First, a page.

How to paint the Queen?! I don’t even know how it happened, but as I just stumbled across a series of progress photos…..
Well, we had just spent a wet weekend in June, waving wet Union Jacks from a wet bridge at lots of wet people as they passed by in, on and around boats of varying degrees of wetness. Then, one minute I’m drawing David Beckham (just for fun, you understand, not personal pleasure) the next I’ve been talked into painting a portrait of HRH Queen Elizabeth II. Caught up in the sentiment of the whole Diamond Jubilee thing I was challenged by my niece to enter (with her) the Daily Mail’s portrait competition. The rest, as they say, was history…though I don’t think my niece quite got round to paint the queen – I guess her portrait is still history in the making!
Queen or just plain commoner (it’s all the same in the end), painting a portrait is quite a difficult thing in my opinion. Whether it’s of a person or an animal, in the end it has to look “right”, especially if someone has commissioned the piece. That’s not to say it has to look exactly like a person or animal in all respects, like a photo would, but this is one area in painting where the end result has to capture the essence of the subject. OK, so it is only my opinion, but if you set out to paint a well known figure like the Queen, most people will know if you’ve got it drastically wrong – I guess Picasso might disagree, or perhaps he just knew some really weird looking people.
So I have already assumed it’s unlikely she will sit for me and picked a favourite from the endless stream of pictures from recent events – it has to be one where she’s smiling for me! I have both a colour and a black and white copy (B&W makes it easier to understand the tonal values of the picture i.e. lights and darks, without letting colour confuse my eyes).
I’m also armed with my mental picture of the general anatomy of the human face and head. You might notice this is my slightly stylised version (I’m not suggesting HRH is a fairy or from the planet Vulcan – I just can’t help but doodle). This age old proportional information is what I was taught at school and I’ve applied it many times since:
1. Head = upside down egg
2. 1/2 way down = eye line
3. 1/2 way again = nose line
4. 1/2 way again = mouth
5. Eyes = 1/5 of width of face & 1 eye width apart
6. Nose = 1 eye width wide
It’s important to bear in mind that this “rule of thumb” information can only provide a starting point for any portrait helping to get things in roughly the right place. After that our observational skills have to pick up the characteristics that reflect the unique differences that make a particular individual i.e.gender, race, age etc.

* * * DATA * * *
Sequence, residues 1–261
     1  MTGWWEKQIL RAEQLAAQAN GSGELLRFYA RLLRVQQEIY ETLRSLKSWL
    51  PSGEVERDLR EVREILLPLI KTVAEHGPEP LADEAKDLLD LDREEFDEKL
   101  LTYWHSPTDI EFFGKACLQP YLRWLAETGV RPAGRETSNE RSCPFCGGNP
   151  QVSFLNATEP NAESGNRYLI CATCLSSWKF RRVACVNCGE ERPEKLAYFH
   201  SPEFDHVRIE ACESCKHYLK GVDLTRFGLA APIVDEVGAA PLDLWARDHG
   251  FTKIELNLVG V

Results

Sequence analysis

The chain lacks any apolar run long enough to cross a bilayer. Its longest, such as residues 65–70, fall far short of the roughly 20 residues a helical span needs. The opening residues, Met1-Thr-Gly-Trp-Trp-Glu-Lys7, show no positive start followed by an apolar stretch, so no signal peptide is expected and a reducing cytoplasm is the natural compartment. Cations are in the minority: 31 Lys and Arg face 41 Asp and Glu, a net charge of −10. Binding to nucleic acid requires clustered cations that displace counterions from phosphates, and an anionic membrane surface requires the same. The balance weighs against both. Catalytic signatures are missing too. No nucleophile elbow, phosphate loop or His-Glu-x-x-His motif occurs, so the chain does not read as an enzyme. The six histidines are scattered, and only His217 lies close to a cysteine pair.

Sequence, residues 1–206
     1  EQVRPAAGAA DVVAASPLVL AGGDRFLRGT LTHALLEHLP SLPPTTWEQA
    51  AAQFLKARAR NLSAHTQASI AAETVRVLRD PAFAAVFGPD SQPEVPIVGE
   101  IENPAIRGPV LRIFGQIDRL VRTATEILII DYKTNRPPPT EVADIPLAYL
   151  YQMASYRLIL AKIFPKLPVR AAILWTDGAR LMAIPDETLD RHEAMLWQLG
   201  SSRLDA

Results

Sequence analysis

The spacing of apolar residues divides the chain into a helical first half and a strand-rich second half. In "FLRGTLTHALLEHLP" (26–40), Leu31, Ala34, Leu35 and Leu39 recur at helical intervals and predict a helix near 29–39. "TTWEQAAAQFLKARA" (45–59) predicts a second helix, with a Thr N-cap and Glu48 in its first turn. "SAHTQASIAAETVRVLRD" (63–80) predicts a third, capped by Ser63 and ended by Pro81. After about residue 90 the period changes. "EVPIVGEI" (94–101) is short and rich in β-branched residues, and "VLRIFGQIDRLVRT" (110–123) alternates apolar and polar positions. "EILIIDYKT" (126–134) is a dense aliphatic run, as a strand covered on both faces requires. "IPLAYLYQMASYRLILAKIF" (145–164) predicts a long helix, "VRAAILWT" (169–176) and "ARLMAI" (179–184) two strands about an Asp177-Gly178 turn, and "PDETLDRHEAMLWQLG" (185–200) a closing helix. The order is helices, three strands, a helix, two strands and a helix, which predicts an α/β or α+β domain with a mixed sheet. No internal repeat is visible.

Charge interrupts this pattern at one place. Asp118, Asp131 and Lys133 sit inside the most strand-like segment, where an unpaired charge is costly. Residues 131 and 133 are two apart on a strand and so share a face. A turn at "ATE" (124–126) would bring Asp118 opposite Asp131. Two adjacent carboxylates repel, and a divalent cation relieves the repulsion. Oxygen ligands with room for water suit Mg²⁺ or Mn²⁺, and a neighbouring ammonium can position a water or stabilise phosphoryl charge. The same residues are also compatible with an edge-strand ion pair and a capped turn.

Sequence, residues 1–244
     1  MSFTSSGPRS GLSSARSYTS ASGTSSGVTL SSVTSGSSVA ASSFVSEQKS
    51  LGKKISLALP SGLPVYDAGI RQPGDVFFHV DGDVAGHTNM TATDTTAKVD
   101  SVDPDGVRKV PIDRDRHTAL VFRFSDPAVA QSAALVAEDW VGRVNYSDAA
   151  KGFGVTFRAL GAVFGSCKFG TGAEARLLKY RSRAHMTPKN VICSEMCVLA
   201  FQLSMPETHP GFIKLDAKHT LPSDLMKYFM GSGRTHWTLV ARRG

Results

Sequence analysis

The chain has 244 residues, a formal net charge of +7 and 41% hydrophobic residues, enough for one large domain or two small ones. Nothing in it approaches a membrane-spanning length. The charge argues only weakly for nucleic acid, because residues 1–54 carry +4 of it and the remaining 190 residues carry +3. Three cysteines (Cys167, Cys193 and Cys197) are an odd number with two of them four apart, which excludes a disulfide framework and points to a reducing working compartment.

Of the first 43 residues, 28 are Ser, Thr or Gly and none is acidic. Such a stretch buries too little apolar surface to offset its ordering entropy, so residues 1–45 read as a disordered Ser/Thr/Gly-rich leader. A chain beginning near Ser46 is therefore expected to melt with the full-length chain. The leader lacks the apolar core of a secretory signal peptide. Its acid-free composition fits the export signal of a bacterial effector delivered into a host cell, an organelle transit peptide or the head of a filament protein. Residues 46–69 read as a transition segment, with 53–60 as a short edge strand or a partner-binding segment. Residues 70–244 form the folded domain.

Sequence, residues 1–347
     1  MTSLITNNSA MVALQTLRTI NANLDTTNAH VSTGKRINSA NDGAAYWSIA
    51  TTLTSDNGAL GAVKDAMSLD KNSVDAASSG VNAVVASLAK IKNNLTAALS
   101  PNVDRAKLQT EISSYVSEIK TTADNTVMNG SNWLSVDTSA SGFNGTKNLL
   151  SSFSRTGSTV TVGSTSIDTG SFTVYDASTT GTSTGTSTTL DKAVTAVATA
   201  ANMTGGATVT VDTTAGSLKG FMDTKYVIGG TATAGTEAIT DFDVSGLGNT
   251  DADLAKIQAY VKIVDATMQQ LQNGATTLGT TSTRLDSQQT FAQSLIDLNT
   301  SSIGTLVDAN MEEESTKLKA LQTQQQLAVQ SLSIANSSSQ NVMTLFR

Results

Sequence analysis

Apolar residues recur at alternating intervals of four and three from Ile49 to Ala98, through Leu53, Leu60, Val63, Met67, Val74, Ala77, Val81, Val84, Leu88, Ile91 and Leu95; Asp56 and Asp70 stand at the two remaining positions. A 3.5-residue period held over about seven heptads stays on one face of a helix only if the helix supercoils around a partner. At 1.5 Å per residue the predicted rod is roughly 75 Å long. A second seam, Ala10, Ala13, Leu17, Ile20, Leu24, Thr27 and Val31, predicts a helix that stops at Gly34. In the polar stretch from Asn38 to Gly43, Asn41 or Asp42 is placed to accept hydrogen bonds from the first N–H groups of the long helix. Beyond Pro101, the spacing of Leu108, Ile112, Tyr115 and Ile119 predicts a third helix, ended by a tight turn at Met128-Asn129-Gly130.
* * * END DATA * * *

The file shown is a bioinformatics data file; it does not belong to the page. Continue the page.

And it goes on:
So, back to my challenge to paint the Queen…..
Step 1 – Outline measurements
I’m normally quite loose in the way I work, but for this exercise I meticulously measure and plot out the various angles in the image (you can make these out in the preliminary sketch) and the comparative dimensions of the face e.g. how many eyes wide is the face, lips etc.
I plot these out on a sheet of cartridge paper, along with an outline of the key features I want to incorporate in the finished picture. I also multiply measurements to increase the scale of the picture to something just about life size on the canvas. In no time at all I have my outline sketch.
Step 2 – Transfer to Canvas
I prefer to make any significant changes to the composition at this stage rather than after I’ve transferred the image to canvas, mainly because it’s much easier to adjust minor errors on paper! The hard work already done to adjust the image and increase the scale I can now simply trace the key elements of my sketch to and transfer the important reference points to my canvas. After marking the key elements I work to join the dots, just like in the puzzles I did as a kid – the key to success is identifying the right points and transferring them across. This time I used a fine pencil to mark out my subject, ready to accept the first layer of under-painting:
3. Ready to paint the Queen…..
Next time I’ll outline my approach to under painting, the techniques and colours used to provide the foundation layers for the painting. In the meantime you could have a go at creating your own outline portrait. Any photograph would do for practice or you could try using a mirror and make it a self portrait!
HELP! Take me to Part 2 | Part 3